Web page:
Linda Joy Myers
President, National Association of Memoir Writers http://namw.org
Author: Power of Memoir, Don’t Call Me Mother
Co-President of the Women’s National Book Association
How did you begin writing?
What prompted you to start up the National Association of Memoir writers?
I know as authors we are told to develop a platform to promote our books, but you have a huge, popular site on your hands – is this the outcome you intended?
Newbie Writers often ask if they should change names and details in their memoir, should they?
They also ask about truth, should they collaborate with siblings or family members to get that memory “right?”
How can a new memoirist feel comfortable writing about their past? Are there ways to help get them started?
I know that my own life is boring, so I stick with fiction. Are there any signs that a writers does have an “interesting life?” one that is interesting enough to write about?
Word of the Week:
Somebody who was widdiful deserved to be hanged.
The story behind it starts with the northern English and Scottish word widdy or widdie, local forms of the standard English withy, a flexible branch from a tree such as willow used to make baskets or to tie or fasten things together. One sense was of a band or rope made of intertwined withies.
Later it came to mean a halter and in particular a hangman’s rope. To cheat the widdy meant to escape hanging. By an obvious transfer the sense of gallows-bird grew up, one destined to fill a widdy. This is a modern example:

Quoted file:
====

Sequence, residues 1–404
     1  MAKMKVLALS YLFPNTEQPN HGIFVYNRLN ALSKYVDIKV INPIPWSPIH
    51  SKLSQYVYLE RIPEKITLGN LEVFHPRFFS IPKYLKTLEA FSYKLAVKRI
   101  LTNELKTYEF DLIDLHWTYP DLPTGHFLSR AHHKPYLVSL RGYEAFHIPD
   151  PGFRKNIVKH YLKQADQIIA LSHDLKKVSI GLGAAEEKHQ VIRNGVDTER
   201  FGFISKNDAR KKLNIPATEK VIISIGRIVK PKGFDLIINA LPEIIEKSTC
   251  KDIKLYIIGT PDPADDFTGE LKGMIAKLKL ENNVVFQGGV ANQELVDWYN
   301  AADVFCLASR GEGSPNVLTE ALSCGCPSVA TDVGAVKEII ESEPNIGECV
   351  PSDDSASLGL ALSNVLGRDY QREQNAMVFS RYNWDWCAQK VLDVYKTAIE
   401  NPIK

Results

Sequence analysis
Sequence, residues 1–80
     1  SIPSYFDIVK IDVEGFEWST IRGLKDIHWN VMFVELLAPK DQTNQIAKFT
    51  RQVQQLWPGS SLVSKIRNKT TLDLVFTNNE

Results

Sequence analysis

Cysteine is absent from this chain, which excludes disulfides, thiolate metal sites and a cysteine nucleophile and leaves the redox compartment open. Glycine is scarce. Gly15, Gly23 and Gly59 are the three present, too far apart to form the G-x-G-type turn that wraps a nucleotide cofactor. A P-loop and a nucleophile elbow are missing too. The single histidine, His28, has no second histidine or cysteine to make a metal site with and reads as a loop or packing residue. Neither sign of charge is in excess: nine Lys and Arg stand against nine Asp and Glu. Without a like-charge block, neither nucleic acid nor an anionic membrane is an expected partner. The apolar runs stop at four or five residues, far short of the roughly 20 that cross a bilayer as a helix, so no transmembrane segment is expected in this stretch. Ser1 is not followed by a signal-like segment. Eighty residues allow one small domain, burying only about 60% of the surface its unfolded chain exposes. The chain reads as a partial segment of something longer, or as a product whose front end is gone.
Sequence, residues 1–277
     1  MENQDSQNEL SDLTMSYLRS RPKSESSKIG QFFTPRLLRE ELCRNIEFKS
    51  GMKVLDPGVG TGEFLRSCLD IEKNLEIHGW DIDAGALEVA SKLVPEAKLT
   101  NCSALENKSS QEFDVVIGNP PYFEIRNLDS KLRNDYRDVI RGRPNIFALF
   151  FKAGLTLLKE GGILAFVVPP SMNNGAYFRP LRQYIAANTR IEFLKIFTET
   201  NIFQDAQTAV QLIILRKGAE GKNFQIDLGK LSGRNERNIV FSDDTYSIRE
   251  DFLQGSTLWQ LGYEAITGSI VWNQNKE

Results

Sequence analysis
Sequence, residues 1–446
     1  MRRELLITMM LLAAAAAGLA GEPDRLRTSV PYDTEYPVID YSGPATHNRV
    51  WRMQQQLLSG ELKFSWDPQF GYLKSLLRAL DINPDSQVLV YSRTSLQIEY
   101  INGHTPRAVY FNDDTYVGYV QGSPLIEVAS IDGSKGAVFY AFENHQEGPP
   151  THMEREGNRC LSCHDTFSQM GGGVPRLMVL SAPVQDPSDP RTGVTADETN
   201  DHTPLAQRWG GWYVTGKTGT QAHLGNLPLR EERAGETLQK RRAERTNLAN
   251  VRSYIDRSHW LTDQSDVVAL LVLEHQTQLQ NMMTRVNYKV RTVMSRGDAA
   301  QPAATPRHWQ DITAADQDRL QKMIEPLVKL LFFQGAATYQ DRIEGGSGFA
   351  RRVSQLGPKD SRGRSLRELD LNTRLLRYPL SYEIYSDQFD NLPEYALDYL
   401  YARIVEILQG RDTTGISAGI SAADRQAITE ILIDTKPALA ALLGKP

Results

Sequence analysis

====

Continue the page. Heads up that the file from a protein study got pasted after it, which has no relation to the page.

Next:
”Will you shut the bloody noise off, you bloody widdiful!” Philips said in a shout that was nearly a scream.
The Reaches, by David Drake, 2003.
The word weakened in its later history in Scotland, turning into a joking term for somebody who was merely a scamp or scoundrel. It has been recorded in Yorkshire dialect in a very different sense, one derived from the idea of a withy being tough and durable:
WIDDIFUL, Industrious, laborious, plodding. It is applicable to a hard-working man, who never complains of fatigue, and is derived from widdy; of such a character it is often said, “he’s as tough as a widdy.”
Kulula, a South African airline, rivals Southwest in wit:
A couple of examples:
“Thank you for flying Kulula. We hope you enjoyed giving us the business as much as we enjoyed taking you for a ride.”
“Welcome aboard Kulula 271 to Port Elizabeth. To operate your seat belt, insert the metal tab into the buckle and pull tight. It works just like every other seat belt; and if you don’t know how to operate one, you probably shouldn’t be out in public unsupervised.”
Write up your version of better airline safety instructions. What about TSA? What kind of instructions or illustrations of possibly dangerous items do you want to create?